My 52: Week 13

Freeze-out Lake has become one of my favorite places. The snow geese and tundra swans were supposed to be in by the thousands, so we headed out to see them last week. Unfortunately, we arrived while they were all out having dinner, so there were very few birds on the lake. It was worth the drive, though. It was raining and blowing when we left, but by the time we arrived at the lake, it was sunny and beautiful. The sunset was pretty amazing, too. It was a beautiful evening to be at the lake. 

Time Marches On

I caught a glimpse of Catheryn on the ride home today, and I’m not exactly sure what it was about her, but I got a pain in my gut as I realized just how fast my kids are growing up. I am so grateful to be blessed with such wonderful little beings. So grateful that I get to watch these little ones grow up. So grateful that they call me Mom.  


The Coundown Begins…

…or continues, however you want to look at it.

We are slowly approaching the end of the school year. As a craft today, Catheryn made a chain to count down the remaining days. As of today, we have 48 days left.

After cutting out all of her strips, Catheryn stapled them together into a colorful chain.

We hung up her artwork and tomorrow we will be able to remove the first link! (Notice how Rob slept through the whole thing…)

Vacation Remembered

For our Honeymoon, Rob and I drove over to Long Beach, Washington. We stayed at a sweet little Bed and Breakfast, flew our kites on the beach, rocked the Skee Ball machine’s in the local arcade and mastered the game of Cribbage. We had such a wonderful time, that when we were ready for our first family vacation, we couldn’t think of a better place to take the kids. The twins were about 18 months and William was three, and it was time to go!

On our way to Long Beach, we stopped in Seattle to visit  Woodland Park Zoo. Unfortunately, on the day we decided to visit, none of the animals felt like making an appearance. Since we weren’t seeing any animals,we decided to head into the hands-on building. Sadly, we never even made it in the door. In the stroller parking area, William grabbed onto the handle of another stroller. He was at just the right angle to tip it over, allowing their cooler lid to fall off and their grapes to go rolling in a million different directions. While Rob and I were picking up their grapes, we were trying to decide what to do with them. We had no idea who the stroller belonged to, so should we throw their grapes away, leaving them to wonder what happened to them? Or should we put them back into their cooler, only for them to eat dirty grapes? We were trying to decide what to do when Rob stood up and smashed his head on an open window. Wounded and defeated, we gathered our belongings and left before we could cause any further damage. (I have no idea what we ended up doing with the grapes…)

We were pretty excited to leave Seattle, convinced that the second leg of our journey was bound to be better than the first. It couldn’t possibly be worse… could it?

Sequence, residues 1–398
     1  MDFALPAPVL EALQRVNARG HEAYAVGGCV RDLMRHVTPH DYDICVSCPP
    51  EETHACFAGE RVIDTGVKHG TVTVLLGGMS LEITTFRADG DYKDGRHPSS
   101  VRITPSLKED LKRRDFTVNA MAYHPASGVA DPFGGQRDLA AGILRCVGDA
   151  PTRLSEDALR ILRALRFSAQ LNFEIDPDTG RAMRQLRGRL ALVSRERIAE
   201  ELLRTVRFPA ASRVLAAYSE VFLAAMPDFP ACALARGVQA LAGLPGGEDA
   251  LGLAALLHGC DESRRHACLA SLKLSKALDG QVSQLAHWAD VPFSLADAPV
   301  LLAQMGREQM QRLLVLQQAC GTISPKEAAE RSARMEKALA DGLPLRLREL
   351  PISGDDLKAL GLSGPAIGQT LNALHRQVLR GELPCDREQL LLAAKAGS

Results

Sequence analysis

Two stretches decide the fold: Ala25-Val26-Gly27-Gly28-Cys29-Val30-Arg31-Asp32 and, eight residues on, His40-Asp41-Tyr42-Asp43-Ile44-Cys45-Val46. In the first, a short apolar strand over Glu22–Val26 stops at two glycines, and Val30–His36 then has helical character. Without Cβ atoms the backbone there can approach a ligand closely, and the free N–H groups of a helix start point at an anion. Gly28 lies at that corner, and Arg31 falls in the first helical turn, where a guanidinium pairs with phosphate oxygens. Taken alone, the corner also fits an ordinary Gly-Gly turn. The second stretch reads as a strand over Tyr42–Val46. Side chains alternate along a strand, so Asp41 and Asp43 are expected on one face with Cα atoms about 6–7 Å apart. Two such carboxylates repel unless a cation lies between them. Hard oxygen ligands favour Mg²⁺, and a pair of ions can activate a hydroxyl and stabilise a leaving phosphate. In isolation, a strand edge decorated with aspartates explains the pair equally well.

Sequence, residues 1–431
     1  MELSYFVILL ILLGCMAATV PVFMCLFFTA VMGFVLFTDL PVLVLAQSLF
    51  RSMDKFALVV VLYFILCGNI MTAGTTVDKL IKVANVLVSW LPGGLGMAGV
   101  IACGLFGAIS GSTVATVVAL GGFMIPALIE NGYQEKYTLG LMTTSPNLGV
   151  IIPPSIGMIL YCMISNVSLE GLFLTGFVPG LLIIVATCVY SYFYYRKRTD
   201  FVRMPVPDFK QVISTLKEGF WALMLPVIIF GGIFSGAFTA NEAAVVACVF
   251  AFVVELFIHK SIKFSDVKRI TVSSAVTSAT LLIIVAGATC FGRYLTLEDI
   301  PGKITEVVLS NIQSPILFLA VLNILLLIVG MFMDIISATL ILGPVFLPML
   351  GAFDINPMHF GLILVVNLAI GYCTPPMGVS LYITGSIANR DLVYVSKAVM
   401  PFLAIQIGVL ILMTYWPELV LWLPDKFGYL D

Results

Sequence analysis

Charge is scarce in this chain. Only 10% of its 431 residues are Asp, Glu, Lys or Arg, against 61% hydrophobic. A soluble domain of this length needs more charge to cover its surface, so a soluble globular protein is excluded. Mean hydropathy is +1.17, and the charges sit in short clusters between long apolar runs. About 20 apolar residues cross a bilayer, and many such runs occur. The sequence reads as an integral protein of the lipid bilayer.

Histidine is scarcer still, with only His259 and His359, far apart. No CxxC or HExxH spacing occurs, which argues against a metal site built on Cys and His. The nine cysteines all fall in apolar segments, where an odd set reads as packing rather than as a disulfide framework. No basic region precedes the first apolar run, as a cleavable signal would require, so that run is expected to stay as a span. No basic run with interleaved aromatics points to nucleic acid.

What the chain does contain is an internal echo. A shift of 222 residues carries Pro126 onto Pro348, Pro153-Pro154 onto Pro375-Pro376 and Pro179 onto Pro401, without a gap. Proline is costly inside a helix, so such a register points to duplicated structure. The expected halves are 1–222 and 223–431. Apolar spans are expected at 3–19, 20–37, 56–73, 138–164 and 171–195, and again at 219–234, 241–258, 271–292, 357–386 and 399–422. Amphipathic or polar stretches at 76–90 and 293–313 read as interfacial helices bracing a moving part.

We arrived at the campground and set up our tent. And then it rained. And rained. And rained some more.

It rained when we went to the beach. It rained while the kids cried all night in the tent. Kids are crazy cranky when they are cold and wet, and parents aren’t much better. In our desperate attempt to warm them up, the kids ended up spending a lot of time buckled in their car seats with the van’s heat running.

Maybe the second leg could be as bad as the first. Perhaps even worse.

Our first big family trip was pretty much the worst vacation in the history of vacations. 

As painful as it was at the time, we are now able to look back on it and laugh. We laugh about just how horrible it really was. We laugh about the grapes. We laugh about the rain. We laugh about it all.

And while our family vacations have gotten considerably better since that first one back in 2006, we’re still not brave enough to head back to the zoo in Seattle just yet. I have a feeling we are still on wanted posters…


I didn’t have the easiest time in high school. Oh sure, I did fine with the academic side. I wasn’t a brilliant student by any means, but I did well enough to make it apparent that I was at least trying. No, for me, the painful part was socializing. I have never been very good with people, I never seem to know what to say. I fall into the group of social misfits.  

While I managed to get by most of the time, I absolutely dreaded group work. Partner work was tolerable when we were paired up, but when we had to pick our own partners, well, that was another story.

So imagine my horror when, earlier today, I had to deliver a package to a fifth grade teacher, and just as I rounded the corner into her classroom, she said the three little words I feared the most:

“Pick a partner.”  

And there in her doorway, my heart froze in my chest and the lump in my throat was so large I almost couldn’t breathe. For a split second, I was in high school all over again. I quickly reminded myself that she wasn’t talking to me, but I still couldn’t leave her room quite quick enough.

16 years after graduation, those three little words still haunt me. I used to think I had outgrown that silliness, but apparently those fears are so deep down, they will always be a part of me.

I guess there are some things that don’t get better with age…